When the Philadelphia Eagles defeated the New England Patriots in Super Bowl LII, the entire city rejoiced. After all, it was the franchise’s first Super Bowl title, signaling the end of years of frustration and disappointment fans have endured in pursuit of an elusive championship.
Generations of Eagles fans in the City of Brotherly Love and across the country have been celebrating the Super Bowl victory ever since. For one fan in particular, the win has been especially gratifying.
Marino “Rena” Brown was born and raised in Philadelphia. Growing up, she wasn’t into football at all, much less the Eagles. She only knew what her brother would tell her about the team and game in general. It wasn’t until she was in her 20s and 30s, that she really starting following the sport and rooting for her home team.
Brown, a Mission Support Specialist with U.S. Immigration and Customs Enforcement’s (ICE) Enforcement and Removal Operations (ERO) Philadelphia field office has more than 30 years of federal government experience dating back to the U. S. Civil Service Commission, now known as the Office of Personnel Management. However, while working for the U.S. Census in 2010, a lapse in funding left Brown without a job.
“I was out of work for about 16 months from 2010-2011. I didn’t get back in the government until 2012 [with HSI],” Brown said. “I submitted more than 80 job applications. At the time, I had almost 30 years in the government. I could’ve retired, but financially I wasn’t able to do that.”
In the meantime, to have some additional income coming in, Brown began working as a seasonal part-time employee at Lincoln Financial Field, working all Eagles home games and other events held at the facility.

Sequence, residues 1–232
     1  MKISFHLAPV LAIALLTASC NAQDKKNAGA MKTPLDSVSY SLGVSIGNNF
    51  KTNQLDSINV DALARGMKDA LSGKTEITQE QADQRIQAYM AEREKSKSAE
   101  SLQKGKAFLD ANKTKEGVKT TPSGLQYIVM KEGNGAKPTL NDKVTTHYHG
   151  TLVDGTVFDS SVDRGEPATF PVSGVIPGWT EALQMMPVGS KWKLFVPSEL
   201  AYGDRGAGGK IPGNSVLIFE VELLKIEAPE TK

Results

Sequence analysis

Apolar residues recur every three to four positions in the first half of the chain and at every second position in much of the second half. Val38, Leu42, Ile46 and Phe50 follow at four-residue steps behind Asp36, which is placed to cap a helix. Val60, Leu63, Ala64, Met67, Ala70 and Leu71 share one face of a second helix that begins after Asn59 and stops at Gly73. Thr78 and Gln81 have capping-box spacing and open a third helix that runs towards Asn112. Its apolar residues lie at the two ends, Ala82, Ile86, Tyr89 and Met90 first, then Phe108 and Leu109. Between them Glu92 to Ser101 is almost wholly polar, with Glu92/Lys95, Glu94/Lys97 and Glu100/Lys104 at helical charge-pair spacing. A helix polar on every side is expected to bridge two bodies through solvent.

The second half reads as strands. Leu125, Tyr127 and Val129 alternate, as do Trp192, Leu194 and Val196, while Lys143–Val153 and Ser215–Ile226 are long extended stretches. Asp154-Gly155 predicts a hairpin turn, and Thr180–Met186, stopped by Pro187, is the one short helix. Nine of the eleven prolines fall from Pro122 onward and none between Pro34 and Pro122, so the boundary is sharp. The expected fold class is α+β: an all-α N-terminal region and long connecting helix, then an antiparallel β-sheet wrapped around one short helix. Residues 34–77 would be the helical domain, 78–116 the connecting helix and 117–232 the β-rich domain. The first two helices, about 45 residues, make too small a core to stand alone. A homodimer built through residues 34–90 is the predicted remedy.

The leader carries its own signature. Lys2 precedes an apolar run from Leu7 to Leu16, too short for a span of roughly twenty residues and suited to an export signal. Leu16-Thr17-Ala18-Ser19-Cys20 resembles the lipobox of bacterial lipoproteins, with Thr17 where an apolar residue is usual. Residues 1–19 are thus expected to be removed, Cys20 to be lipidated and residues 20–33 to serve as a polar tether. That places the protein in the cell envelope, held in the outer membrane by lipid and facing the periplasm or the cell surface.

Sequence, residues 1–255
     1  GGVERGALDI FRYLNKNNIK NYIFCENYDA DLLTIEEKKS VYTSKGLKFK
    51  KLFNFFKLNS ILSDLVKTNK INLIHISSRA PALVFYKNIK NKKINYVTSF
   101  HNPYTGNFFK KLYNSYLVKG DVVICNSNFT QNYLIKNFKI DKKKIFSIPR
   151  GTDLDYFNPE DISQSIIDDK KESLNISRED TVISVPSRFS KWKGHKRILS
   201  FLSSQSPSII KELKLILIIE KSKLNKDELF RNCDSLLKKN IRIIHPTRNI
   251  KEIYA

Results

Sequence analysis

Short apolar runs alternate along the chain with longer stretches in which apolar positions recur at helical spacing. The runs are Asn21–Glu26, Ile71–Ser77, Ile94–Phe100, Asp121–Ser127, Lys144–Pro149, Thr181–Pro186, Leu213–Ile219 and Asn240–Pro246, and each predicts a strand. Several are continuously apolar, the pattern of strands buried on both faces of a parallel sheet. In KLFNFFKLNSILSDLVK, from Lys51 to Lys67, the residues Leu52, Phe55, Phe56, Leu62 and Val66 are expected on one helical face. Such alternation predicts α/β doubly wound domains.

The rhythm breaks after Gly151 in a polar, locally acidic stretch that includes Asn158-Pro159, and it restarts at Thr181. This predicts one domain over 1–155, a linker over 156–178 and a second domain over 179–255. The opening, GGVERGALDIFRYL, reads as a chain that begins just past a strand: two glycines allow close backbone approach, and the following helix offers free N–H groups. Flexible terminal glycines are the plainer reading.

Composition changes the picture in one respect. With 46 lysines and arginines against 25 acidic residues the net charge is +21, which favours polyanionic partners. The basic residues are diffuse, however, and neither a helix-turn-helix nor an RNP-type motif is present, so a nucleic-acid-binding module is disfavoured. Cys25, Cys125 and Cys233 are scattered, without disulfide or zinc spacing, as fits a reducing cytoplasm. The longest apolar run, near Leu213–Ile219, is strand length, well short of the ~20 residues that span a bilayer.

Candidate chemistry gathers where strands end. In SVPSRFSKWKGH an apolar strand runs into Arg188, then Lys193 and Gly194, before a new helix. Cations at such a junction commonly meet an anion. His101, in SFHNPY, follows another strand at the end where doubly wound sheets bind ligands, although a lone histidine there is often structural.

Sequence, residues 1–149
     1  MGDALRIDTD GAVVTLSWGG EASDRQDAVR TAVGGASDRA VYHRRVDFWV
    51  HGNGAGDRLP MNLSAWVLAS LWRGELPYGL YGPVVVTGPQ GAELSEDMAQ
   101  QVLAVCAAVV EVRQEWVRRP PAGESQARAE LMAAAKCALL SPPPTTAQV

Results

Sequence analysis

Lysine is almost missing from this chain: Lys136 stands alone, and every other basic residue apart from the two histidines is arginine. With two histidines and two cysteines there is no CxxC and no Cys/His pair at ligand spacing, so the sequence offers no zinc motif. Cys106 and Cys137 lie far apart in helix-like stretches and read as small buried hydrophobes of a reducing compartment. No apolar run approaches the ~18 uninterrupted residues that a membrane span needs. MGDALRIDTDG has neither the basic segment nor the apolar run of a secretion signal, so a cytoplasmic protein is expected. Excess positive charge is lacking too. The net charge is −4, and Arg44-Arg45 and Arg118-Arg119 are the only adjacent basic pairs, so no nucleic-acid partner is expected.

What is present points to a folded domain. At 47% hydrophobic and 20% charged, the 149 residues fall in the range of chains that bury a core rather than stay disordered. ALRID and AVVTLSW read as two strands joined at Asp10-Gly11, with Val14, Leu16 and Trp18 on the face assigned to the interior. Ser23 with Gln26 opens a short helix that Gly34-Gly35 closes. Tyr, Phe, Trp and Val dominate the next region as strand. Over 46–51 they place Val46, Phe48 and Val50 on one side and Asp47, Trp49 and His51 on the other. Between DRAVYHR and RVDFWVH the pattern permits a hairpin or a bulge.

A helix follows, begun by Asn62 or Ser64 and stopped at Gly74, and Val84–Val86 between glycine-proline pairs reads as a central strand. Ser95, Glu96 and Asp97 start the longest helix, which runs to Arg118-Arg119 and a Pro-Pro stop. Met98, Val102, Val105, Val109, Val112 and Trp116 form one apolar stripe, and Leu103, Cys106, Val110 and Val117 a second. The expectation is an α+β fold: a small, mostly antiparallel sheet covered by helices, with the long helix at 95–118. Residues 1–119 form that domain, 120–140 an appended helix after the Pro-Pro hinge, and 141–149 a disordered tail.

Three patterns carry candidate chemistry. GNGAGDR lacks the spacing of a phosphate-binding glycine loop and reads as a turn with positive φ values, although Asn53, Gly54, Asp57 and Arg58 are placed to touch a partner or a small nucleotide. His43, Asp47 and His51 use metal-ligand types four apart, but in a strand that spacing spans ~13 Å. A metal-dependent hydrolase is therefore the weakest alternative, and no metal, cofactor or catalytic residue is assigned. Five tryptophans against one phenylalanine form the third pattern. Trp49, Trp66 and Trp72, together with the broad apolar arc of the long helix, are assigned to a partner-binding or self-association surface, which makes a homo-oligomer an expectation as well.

For the past eight seasons, Brown has been a constant presence throughout the year, working in a premium club and various other locations in the stadium. She’s had perfect attendance every year, winning three MVP awards for going above and beyond what the job calls for.
“It costs a lot to come out to a game. You bring your family and you want to snack and eat,” Brown said. “In the course of that, I try to make sure I make all guests feel like they’re sitting home in their living room watching the game. I tell them all the fun things that are going on in our club.”
When Brown’s on duty, it’s all about customer service and team efforts. She make sure that fans who are at the stadium for the first time visit the concierge’s desk to get a first timer’s certificate and badge. When former Eagles players are signing autographs, Brown alerts fans to where they should to go to meet some of their heroes.
The spirit of working at Lincoln Financial Field is infectious. According to Brown, it’s one big party where she’s able to have fun while getting paid. Over the years, Brown has become a familiar face in the stadium, befriending many Eagles players and their families along the way. She enjoys the interactions with the fans, and yes, even the opposing teams.
Brown just wants everyone to be happy, whether at Lincoln Financial Field, or back at ERO Philadelphia headquarters. Working in the premium club, she has access to all the game programs that are handed out to fans at every game. After the games, there are many left over and employees are encouraged to take as many with them as they can.
“I always take a stack and bring them to the office and give them to the fellas,” Brown said. “I know some of them work undercover and surveillance and they don’t get a chance to go to the games. They can’t enjoy it the way I do.”
This season was magical for the Eagles and their staff. For all the years Brown came to work and the season ended in disappointment, she remained hopeful. That’s what made this Super Bowl season special. Win or lose, she was behind them no matter what. While Brown didn’t play a down on the field, the spirit she carried in her role every Sunday helped make the franchise a champion.
“I couldn’t wait to get my Super Bowl shirt and hat. The spirit of the city has been just so warm and kind and friendly,” Brown said. “I didn’t see any way they would lose. Everything was positive. I never doubted for a second.”